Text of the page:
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Hum Reprod. 2011 Jun;26(6):1422-30. doi: 10.1093/humrep/der061. Epub 2011 Mar 18.

Ovarian surface epitheliectomy in the non-human primate: continued cyclic ovarian function and limited epithelial replacement.

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Division of Reproductive Sciences, Oregon National Primate Research Center, Beaverton, OR 97006, USA.



The fifth leading cause of cancer deaths among women is ovarian cancer (OC), which originates primarily in the ovarian surface epithelium (OSE) that surrounds the ovary. Permanent removal of the OSE could provide a novel strategy to substantially reduce OC risk, while retaining the benefits of ovarian function, including gameto- and steroidogenesis. It must be determined whether ovarian surface epitheliectomy (OSEx) carries deleterious side effects, including loss of menstrual cyclicity, infertility or scarring (e.g. adhesions), prior to any clinical application of this strategy. To achieve this, we selected the non-human primate, rhesus macaque, for long-term (12 month) studies on the effects of OSEx.


Rhesus macaque females underwent OSEx by detergent treatment and were then monitored for menstrual cyclicity (menstruation, steroidogenesis and follicle development) and adverse side effects (tissue scarring or adhesions). Ovaries were collected at 6 or 12 months and examined for evidence of tissue damage, follicle rupture and regression of the corpus luteum. The ovarian surface was examined immunohistologically for signs of epithelial replacement, using markers for OSE and fimbrial epithelium (FE), a possible alternative source of pelvic tumors diagnosed as OC.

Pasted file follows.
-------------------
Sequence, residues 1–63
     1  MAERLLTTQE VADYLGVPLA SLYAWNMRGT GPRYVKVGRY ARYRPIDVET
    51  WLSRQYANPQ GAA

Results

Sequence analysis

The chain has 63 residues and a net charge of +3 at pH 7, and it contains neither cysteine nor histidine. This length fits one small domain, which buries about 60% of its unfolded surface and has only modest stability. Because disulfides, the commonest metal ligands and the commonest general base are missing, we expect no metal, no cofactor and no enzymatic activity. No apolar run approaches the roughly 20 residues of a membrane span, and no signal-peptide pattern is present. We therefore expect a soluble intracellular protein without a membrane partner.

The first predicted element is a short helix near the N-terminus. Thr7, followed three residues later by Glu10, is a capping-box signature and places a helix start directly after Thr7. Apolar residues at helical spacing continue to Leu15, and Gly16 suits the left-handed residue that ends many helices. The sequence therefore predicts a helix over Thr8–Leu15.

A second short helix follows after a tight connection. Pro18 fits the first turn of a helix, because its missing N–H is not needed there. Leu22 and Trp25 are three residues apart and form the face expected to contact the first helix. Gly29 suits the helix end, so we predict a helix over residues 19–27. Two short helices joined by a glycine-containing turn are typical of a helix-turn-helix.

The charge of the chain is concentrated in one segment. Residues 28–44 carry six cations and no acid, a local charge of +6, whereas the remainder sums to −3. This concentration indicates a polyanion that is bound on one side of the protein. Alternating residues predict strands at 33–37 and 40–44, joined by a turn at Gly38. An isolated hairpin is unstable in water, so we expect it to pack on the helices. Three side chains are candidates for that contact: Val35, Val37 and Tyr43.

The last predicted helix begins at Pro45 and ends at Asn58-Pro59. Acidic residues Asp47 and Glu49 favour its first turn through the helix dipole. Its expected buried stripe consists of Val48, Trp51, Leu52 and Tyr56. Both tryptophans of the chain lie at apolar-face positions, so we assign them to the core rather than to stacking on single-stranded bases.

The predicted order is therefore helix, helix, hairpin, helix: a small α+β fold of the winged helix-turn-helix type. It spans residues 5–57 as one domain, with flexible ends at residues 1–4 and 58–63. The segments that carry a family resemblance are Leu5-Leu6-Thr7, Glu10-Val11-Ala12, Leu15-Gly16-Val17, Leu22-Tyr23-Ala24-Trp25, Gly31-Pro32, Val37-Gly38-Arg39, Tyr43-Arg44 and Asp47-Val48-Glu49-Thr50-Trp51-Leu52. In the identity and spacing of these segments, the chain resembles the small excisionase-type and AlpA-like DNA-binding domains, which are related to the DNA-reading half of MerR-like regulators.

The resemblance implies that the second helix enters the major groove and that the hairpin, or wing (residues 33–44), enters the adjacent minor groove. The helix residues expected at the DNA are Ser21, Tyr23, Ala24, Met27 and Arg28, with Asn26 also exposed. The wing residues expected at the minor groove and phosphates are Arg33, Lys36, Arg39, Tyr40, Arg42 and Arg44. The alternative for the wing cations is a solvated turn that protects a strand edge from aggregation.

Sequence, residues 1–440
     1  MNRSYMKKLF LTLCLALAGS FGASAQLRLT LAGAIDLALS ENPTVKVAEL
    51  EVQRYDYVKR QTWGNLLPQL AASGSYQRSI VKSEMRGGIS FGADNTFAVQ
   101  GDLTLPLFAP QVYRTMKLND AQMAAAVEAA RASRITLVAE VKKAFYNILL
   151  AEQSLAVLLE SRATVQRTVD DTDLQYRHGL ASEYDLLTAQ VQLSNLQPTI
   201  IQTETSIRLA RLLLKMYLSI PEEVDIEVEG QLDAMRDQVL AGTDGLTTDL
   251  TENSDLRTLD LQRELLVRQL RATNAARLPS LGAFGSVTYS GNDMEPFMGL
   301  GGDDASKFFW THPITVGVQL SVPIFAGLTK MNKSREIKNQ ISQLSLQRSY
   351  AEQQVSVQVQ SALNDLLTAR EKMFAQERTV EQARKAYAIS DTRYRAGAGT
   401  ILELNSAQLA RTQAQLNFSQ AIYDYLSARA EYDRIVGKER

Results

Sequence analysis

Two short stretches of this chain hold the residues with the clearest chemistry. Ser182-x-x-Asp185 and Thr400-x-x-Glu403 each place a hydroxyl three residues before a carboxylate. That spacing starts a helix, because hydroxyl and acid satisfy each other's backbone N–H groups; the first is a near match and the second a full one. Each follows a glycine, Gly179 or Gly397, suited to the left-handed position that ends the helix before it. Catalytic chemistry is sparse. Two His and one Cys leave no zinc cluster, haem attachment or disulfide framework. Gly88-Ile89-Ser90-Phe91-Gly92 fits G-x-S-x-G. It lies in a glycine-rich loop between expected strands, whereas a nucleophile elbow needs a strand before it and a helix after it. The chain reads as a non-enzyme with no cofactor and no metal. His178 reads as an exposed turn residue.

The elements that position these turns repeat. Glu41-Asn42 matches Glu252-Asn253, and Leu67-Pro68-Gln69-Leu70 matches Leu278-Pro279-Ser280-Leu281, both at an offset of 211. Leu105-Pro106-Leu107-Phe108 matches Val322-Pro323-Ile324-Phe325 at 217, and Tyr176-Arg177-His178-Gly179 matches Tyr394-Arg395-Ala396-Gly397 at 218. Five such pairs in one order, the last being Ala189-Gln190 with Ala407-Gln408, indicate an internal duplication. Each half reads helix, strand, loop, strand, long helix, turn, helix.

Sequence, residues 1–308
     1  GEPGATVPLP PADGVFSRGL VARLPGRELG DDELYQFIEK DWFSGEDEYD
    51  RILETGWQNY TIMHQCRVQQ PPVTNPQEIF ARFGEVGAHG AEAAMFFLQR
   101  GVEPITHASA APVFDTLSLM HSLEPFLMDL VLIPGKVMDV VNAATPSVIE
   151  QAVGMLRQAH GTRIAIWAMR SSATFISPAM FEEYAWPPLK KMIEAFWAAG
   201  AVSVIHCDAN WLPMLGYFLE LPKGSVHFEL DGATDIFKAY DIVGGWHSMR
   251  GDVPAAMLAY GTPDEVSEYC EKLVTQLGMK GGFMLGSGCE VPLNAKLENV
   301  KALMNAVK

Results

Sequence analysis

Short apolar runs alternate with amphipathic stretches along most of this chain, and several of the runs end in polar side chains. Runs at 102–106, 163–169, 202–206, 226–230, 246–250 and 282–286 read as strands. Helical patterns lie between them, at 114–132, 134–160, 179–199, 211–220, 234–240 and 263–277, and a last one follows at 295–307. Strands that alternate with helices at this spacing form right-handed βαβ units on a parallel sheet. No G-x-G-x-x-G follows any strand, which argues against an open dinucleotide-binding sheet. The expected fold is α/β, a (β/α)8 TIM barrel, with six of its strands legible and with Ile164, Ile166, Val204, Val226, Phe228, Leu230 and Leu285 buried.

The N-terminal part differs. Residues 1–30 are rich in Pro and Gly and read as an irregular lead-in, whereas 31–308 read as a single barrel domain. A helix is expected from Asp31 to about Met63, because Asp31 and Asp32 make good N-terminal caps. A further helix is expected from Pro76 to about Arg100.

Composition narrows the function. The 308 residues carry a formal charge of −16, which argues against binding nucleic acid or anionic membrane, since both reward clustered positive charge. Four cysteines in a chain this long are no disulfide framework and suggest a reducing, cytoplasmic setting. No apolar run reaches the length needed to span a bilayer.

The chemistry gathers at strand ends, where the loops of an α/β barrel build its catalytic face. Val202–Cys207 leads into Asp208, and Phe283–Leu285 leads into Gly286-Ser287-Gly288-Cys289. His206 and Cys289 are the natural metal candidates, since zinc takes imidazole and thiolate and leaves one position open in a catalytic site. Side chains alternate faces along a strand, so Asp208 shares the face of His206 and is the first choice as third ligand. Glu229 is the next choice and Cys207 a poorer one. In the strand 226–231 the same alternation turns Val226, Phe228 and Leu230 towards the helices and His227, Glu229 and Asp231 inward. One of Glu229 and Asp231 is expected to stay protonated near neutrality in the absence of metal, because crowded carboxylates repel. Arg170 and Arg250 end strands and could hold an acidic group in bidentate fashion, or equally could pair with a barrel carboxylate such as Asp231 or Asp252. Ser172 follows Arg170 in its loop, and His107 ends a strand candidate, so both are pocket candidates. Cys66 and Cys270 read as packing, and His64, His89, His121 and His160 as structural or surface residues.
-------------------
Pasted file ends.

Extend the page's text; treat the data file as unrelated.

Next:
After OSEx, menstrual cycle length, estrogen and progesterone production, follicle rupture and luteal regression appeared normal. No evidence of adhesions was seen. At 6 and 12 months post-OSEx, the ovarian surface was sparsely populated by cells expressing OSE and FE markers. Proliferative activity in this population was notably low.


OSEx may provide a novel method to reduce the risk of OC, without sacrificing ovarian function, although the effects on fertility remain to be tested. The absence of epithelial replacement via enhanced proliferation suggests OSEx does not increase malignant potential. Complete and permanent OSEx may be feasible.

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